As we’re growing really fast, one of our biggest challenges is balancing having the right number of the right people on board and not over-hiring ahead of client demand. And as word about us has gotten out, the volume of resumes and inquiries we’re receiving has become greater than we can keep up with on a daily basis.
Since many of those inquiring are smart enough to ask how best to get our attention, I thought I’d save a some email repetition by publishing a quick guide on how to get hired at Speakeasy. This is not an exclusive list, but the more of these you can check off, the better:
- Know us: Out of our first twenty people, fifteen had worked with someone on the team before, either on a day job or a nonprofit board. That meant hiring known quantities who could come in and catch no-look passes on their first day. The bad news is that if you’re not in the universe of folks we already know, this is a long game. The good news is that our networks of people who fit the specific job we’re hiring for at any given time are only so big. A good way to get in the door if you don’t know us is to work as a freelancer or an intern. Failing that, referrals from mutual friends go a long way, as does good experience with our parent companies, Slingshot and The Dallas Morning News.
- Follow the process: Despite the advice on how to stand out that I’ll give below, you might be forgotten if you’re not in our resume bank. And the way to get in is to apply to one or more of the positions on our jobs page. That also means filling out as many fields as possible, especially giving a good answer to the “What makes you unique” question. (Hint: If your answer isn’t good, we generally don’t even look at your resume.)
- Be respectful of our time: We’re super-busy serving our clients and run lean so there aren’t people dedicated to vetting your resume when we don’t need to fill a position today. While persistence is good, hitting us up continually or pushing for a drop-in suggests that it’s about you getting hired versus our team getting the resource it needs. Being too pushy for a meeting can send a promising candidate to the back of the line.
- But be appropriately persistent: Find creative ways to keep us from forgetting you. And if you don’t get hired when you initially interview, don’t be a stranger. We’ve found the talent pool in Dallas / Fort Worth to be strong enough that every hire is a tough call among a lot of great candidates. Sometimes the decision has as much to do with the personality mix on a given team or with a certain client as the on-paper resume.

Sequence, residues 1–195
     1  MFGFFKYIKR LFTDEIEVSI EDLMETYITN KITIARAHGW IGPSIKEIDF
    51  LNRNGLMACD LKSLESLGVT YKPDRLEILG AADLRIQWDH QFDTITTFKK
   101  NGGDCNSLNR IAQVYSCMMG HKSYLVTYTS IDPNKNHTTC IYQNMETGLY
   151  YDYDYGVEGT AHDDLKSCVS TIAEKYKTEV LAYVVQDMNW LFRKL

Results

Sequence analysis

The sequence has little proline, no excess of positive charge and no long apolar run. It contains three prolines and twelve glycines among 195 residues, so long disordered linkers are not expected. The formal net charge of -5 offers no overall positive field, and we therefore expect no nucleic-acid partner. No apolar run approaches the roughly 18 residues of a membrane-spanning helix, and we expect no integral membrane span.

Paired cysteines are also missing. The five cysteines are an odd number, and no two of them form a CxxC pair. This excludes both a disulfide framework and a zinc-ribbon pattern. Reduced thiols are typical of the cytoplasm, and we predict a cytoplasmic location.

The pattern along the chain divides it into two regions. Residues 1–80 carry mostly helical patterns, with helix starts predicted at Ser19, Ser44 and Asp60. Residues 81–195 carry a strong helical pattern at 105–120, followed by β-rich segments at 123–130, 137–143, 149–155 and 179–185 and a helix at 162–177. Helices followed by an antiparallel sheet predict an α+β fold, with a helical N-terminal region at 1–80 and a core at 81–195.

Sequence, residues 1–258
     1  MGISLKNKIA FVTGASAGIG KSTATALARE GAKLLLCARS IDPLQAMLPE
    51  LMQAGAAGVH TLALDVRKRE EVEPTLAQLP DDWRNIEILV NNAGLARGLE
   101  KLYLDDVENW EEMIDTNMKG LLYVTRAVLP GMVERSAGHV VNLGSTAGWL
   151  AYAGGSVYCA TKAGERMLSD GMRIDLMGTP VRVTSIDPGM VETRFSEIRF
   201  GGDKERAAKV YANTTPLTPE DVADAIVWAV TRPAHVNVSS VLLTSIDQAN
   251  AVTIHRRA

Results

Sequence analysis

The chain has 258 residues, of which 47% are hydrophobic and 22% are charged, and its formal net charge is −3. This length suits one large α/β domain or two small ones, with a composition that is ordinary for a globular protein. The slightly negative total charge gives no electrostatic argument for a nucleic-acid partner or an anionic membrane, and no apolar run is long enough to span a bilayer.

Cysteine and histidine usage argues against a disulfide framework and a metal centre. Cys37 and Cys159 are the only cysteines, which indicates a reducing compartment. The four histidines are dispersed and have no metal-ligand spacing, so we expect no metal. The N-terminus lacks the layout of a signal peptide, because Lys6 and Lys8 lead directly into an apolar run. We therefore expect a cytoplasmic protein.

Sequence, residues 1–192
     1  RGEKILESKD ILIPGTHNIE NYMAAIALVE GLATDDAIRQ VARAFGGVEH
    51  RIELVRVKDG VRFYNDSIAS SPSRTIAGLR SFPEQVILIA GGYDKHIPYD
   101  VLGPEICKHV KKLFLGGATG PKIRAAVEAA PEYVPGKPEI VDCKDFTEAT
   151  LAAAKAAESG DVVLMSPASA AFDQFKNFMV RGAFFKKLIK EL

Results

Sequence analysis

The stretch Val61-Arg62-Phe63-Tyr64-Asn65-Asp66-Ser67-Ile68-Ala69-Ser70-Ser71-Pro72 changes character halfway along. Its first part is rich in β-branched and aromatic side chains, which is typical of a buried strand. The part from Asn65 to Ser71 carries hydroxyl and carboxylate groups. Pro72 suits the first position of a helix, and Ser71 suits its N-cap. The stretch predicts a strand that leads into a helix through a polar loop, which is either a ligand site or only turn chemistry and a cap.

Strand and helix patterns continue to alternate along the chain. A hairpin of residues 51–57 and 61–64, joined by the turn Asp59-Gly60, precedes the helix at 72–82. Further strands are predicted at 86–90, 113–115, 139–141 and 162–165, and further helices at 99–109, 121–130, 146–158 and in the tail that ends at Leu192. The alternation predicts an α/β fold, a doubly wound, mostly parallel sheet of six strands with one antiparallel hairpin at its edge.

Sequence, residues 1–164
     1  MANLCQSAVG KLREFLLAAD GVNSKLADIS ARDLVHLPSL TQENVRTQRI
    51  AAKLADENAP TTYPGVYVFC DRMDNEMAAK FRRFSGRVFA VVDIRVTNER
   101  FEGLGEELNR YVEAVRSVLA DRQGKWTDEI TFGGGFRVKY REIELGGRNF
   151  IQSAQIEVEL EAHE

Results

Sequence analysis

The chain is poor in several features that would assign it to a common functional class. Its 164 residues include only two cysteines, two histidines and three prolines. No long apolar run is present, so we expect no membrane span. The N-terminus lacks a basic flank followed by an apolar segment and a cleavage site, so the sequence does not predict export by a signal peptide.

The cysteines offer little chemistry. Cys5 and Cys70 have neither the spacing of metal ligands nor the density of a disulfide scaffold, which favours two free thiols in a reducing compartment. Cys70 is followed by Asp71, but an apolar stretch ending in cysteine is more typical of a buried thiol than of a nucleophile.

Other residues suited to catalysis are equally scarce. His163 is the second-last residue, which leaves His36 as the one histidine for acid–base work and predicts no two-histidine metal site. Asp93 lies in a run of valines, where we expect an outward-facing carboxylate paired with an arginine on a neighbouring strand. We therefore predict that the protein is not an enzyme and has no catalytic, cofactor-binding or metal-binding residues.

- Be entrepreneurial: We’ve got a bias towards entrepreneurs. That’s partly because we serve several entrepreneurial clients. It’s also because a lot of us are entrepreneurs who know that the startup mindset leads to a creative and holistic view of the business that benefits both Speakeasy and its clients. You don’t have to own your own business to be an entrepreneur (although it helps) – you can be an entrepreneur inside your company, in nonprofit work or even in how you’ve built your own personal brand. We also have a bias towards people who have passions outside of work, so actors, artists, musicians and activists are always welcome.
- Be social: We’re a content marketing and social media company. Show us that you’re active by blogging and participating in social networks in a way that would make sense for our clients. Follow us (company and individuals) on Twitter and Facebook. Be so fascinating on your social channels that we have to follow your every post. Learn our culture and figure out how to participate in it. (Hint: We’ve had super-qualified people who didn’t get hired because the team didn’t feel like they were a cultural fit. That’s not a value judgment. You can be awesome and not be the puzzle piece we seek.)
- Be creative: When I interviewed for my first job out of college, at a local magazine company, I created a single copy of a special edition company magazine dated a year in the future and detailing all the great things that had happened at the company because of my hire. I snuck it into the Sunday newspaper of the hiring manager. What could you do that would get our attention?
- Ask smart questions: We can read your resume, LinkedIn, social channels, etc. and learn a lot about you. So while we will certainly have questions for you, we’re much more interested in what the questions you ask can tell us about you.
- Add value: So you meet the qualifications for a position? Congrats! But what else can you bring that will make us better and our clients more successful? You’re a writer, but you have tech skills? Awesome. You have ideas on how to market us as well as our clients? You have good clients to bring with you? Any of those would make you a better hire.
- Be patient: We keep listings for key positions up all the time, because we often need to hire on short notice. We want to have a deep bench ready to go as our workload increases. We’re on track to nearly double our staff this year, but that doesn’t mean we’ll do it this month.
- Be awesome: Hopefully, that’s self explanatory.
Post Author: Mike Orren.